For the first time, the majority of the insured American workforce will have a health care deductible of at least $400 in 2011 as employers continue to raise out-of-pocket limits, replace co-pays with co-insurance and add high-deductible health plans, according to the annual "Behind the Numbers" report from consultancy PricewaterhouseCoopers' Health Research Institute.

The cost shifting will lead to an expected nine percent increase in employer medical costs in 2011, on the heels of an estimated 9.5 percent increase in 2010, according to PWC.

The biggest inflators is 2011 will be hospital and physician costs, which account for 81 percent of premium costs. One of the inflators will be hospitals' investing billions of dollars in electronic health records software, spurred by the HITECH Act's meaningful use provisions, according to the consultancy. Surveyed hospital CEOs say their largest EHR investments will come in 2011.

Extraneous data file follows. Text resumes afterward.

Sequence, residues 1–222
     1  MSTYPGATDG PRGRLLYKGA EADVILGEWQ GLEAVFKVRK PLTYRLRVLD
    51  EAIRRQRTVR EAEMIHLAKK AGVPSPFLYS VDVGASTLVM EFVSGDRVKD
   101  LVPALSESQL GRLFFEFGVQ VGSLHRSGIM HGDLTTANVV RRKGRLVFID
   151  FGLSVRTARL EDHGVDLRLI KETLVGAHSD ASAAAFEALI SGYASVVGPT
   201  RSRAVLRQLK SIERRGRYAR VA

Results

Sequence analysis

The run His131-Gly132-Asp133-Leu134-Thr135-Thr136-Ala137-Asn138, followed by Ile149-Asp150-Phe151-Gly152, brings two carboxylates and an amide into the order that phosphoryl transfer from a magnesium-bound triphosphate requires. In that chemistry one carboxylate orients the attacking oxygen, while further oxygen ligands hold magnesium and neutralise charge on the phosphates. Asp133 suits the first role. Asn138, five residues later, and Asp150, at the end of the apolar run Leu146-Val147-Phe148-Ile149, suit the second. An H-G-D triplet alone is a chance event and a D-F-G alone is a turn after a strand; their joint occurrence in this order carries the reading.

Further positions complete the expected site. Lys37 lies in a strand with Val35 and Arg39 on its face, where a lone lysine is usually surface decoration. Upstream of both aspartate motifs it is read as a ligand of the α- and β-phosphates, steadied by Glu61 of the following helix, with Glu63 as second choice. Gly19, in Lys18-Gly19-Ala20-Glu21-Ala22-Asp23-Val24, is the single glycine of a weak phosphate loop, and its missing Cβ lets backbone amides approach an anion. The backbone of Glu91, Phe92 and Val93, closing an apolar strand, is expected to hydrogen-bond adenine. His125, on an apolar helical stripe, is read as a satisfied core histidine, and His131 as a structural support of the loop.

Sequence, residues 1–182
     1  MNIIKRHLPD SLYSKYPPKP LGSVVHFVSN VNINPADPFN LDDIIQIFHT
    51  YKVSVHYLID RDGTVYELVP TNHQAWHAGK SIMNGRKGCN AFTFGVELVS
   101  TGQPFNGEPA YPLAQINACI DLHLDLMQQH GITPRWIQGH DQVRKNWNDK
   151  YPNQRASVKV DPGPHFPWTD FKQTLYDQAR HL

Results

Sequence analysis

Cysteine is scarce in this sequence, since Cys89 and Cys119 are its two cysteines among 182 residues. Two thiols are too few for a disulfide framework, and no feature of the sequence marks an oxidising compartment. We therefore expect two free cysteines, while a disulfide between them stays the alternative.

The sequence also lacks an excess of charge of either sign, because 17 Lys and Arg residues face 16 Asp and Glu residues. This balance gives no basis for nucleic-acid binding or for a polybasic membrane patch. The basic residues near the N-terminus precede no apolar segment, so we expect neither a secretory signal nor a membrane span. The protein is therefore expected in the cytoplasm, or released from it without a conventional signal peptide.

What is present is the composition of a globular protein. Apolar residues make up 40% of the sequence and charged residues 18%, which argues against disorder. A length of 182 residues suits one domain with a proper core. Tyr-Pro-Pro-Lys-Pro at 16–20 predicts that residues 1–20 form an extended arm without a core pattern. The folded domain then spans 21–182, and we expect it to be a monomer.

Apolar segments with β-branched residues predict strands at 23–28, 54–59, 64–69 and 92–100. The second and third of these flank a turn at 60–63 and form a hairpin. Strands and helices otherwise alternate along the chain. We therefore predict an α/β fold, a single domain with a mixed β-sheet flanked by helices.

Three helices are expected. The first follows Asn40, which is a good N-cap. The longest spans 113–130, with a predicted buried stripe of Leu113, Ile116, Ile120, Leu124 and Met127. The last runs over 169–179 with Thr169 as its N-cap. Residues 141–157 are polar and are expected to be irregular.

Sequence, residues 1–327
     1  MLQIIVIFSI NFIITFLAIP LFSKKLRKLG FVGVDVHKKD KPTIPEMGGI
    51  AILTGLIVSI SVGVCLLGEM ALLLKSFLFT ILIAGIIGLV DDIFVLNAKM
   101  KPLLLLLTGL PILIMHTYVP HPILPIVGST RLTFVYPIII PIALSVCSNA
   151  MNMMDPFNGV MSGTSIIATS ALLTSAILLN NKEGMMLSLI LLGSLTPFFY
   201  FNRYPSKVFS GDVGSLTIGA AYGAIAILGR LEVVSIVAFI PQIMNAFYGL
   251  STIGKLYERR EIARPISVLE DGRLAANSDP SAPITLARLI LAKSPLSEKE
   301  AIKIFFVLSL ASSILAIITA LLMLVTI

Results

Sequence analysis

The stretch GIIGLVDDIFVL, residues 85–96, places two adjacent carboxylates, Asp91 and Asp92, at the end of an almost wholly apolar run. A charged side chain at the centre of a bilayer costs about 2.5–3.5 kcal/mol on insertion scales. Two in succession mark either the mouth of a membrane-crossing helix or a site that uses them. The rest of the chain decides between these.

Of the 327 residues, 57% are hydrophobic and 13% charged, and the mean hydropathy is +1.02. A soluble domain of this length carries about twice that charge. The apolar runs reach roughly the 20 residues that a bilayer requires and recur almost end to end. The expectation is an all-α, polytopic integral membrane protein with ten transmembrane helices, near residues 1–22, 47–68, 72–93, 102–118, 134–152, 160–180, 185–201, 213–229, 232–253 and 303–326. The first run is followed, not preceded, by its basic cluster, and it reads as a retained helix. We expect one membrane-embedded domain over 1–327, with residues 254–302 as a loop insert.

Other expected major cost inflators are hospitals continuing to shift costs from Medicare to private payers and employers; and provider consolidation as more physicians get out of private practice and join hospitals or larger group practices. This will give providers more negotiating power with payers, and higher prices in the short term, "though the benefits of consolidation should create efficiencies that moderate rate increases in the future," according to PWC.

In addition to higher deductibles and co-insurance, other factors expected to hold down employer costs include more use of generic drugs ($26 billion in annual brand name sales, including Lipitor, go off patent in 2011) and reduced enrollment in COBRA.

To access the "Behind the Numbers" report, click here.

--Joseph Goedert


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